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AdobeStock 390520100 2 1

Common Onewheel Mistakes To Avoid For New Riders

So you’re thinking about buying a Onewheel and want to make sure it’s right for you? There are many videos and articles that talk about the challenges and risks with riding a Onewheel.  We are here to break down fact from fiction and clear up the misinformation out there.

To begin with, Future Motion believes you should ride at least 100 miles before no longer considering yourself a beginner. Trying to go too fast too quickly is just one of the common mistakes for new users. Today, we will take a look at 8 common Onewheel mistakes so that new riders can avoid mishaps and get the very most out of their Onewheel experience.

  1. Nosediving

Each Onewheel model provides a groundbreaking riding experience, but every machine has its limits. To help protect riders from pushing the Onewheel beyond its capabilities, the nose of the board will lift to help slow the rider down. This is what rider’s call a nosedive, but it’s actually a Pushback warning. If the rider ignores the Pushback warning and leans forward, they can eventually overpower the board resulting in a nosedive.

Fortunately, all a rider needs to do is lean backward when they experience Pushback, which will help decelerate the board to a speed within the board’s safe operating limit. The common scenarios in which a rider can push past pushback and nosedive are when a rider is going faster than the speed limit of the board, or when a rider accelerates suddenly with all of their weight. Every rider needs to take time to understand the limits of the board in different Digital Shaping modes and different riding scenarios. We would recommend getting a feel for Pushback while in the introductory Digital Shaping setting on each respective board.

  1. Looking Down

When you start your first rides, it’s tempting to look down at the board. It’s important to keep your sight line on where you want to go, instead of the ground below you. This will give you more stability and help you steer when you start to learn to turn.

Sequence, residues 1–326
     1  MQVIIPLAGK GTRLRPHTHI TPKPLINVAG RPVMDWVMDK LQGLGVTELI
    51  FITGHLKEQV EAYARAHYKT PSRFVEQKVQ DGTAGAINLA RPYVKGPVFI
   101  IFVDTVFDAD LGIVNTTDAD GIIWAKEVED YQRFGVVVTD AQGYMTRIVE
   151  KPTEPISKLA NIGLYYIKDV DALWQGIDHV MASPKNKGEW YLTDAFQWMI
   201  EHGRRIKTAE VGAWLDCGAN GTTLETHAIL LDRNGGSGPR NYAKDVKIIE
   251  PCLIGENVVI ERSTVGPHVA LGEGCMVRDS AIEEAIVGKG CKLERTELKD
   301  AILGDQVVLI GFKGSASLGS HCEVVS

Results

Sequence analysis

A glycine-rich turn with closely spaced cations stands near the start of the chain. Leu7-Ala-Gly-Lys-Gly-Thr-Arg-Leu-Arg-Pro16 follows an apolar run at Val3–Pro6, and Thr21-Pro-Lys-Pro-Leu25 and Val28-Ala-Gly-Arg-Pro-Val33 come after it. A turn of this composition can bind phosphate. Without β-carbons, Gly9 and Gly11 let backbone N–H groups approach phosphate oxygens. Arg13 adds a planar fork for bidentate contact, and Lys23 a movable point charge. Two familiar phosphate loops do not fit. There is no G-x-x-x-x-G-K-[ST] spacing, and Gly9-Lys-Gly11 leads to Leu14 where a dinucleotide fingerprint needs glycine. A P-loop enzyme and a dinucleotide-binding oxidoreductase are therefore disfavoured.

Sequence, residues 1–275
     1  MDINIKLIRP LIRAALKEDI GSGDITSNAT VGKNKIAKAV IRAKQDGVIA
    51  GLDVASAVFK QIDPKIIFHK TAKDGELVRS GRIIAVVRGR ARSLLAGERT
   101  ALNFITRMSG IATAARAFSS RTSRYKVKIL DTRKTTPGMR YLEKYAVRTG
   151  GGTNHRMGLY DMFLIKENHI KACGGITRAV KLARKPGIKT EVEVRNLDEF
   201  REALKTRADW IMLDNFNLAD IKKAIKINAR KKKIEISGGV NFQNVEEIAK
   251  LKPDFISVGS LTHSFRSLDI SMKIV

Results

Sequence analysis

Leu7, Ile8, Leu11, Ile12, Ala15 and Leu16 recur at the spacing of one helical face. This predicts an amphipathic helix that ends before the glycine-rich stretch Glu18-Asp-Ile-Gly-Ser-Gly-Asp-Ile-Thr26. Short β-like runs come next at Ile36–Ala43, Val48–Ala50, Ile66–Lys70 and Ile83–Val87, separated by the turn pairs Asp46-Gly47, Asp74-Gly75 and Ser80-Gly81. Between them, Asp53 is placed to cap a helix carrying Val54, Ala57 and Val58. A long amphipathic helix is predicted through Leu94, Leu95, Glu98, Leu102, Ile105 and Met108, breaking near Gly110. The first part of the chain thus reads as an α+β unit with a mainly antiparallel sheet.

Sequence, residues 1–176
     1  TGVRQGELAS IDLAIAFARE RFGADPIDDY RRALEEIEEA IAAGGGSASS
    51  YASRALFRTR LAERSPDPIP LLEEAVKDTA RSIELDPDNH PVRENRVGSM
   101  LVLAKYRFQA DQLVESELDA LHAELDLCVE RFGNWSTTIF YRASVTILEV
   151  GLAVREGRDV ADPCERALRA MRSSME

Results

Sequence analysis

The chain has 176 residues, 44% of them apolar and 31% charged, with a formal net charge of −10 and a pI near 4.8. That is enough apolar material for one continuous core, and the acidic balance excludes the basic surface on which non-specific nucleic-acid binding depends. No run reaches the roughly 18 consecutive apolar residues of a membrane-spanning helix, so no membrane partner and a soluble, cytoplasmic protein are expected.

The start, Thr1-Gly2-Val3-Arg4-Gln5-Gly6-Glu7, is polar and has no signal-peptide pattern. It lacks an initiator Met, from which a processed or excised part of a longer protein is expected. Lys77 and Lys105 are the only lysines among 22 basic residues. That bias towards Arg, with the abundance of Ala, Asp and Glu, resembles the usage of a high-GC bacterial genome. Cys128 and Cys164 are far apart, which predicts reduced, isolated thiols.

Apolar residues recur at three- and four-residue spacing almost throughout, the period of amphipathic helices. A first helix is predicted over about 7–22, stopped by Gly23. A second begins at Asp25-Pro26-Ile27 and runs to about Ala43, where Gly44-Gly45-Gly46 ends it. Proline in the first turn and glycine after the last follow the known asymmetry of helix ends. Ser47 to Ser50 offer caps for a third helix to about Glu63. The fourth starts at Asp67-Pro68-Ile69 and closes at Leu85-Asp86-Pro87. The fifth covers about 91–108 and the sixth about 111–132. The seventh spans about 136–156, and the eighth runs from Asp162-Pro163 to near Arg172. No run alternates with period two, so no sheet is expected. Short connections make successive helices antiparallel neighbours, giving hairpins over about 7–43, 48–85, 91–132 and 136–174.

1. Going Too Fast Too Quickly

It’s tempting to get on your new board and see how fast it goes. That would be a mistake. It’s incredibly important to take the time to learn how your Onewheel works at low speeds before pushing it. Just as you wouldn’t go down a black diamond run on your first time snowboarding, new riders certainly should not be in the most advanced Digital Shaping settings pushing the board to its highest speeds.

  1. Forgetting to Practice Dismounting

The dismount is the most technical element of riding a Onewheel. It requires practice and muscle memory to do the classic ‘heel lift’ dismount technique properly. A new rider can always have ‘Simple Stop’ engaged through a setting in the Onewheel App which allows a rider to dismount by simply leaning backwards to set the board down. Before cruising out on the streets, a new rider should also master the emergency ‘jump off’ dismount technique. This is when a rider simply hops off with both feet. It’s important to practice all of the dismount techniques to become a confident rider.

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  1. Not Wearing Safety Gear

New riders are going to fall. It’s part of the learning curve. The good news is that new riders won’t be riding at a speed where they are putting themselves in any real danger. Still, Onewheel riders should have at least a good helmet and knee pads.  Riding without any protective gear early on is reckless.

  1. Only Riding on Pavement

One of the best ways to improve as a Onewheel rider is to travel on all types of terrain. The Onewheel performs magnificently on concrete, grass, up and down ramps, on bumpy roads and asphalt. Each different terrain provides a unique riding experience. By mixing up the terrain traveled, Onewheel riders advance their skill levels because they build muscle memory that allows them to enter a flow state as opposed to having to consciously think about reacting to each riding situation. The more time spent practicing, the better a Onewheel rider will become.

  1. Buying Too Many Accessories

Purchasing the Onewheel brings a ton of excitement. When a person is hyped about adding Onewheel riding into their daily routine, they can overdo it by buying accessories before they know what they actually need. There are a ton of Onewheel accessories available, but many are overpriced and unnecessary for riders that are not advanced in their riding skills. New owners who do want to purchase accessories should consider accessories that offer an added layer of protection to their Onewheel board like rail guards or float plates.

  1. Getting Discouraged Too Easily

Experienced Onewheel owners will always encourage new riders to stick with it. The sensation of riding a Onewheel is incredible and it really takes 100 miles before you stop feeling like a beginner. It is well worth the learning curve. No one should let a fall during their first ride stop them from hopping back on. It will get easier, and then it’s just pure joy ahead.

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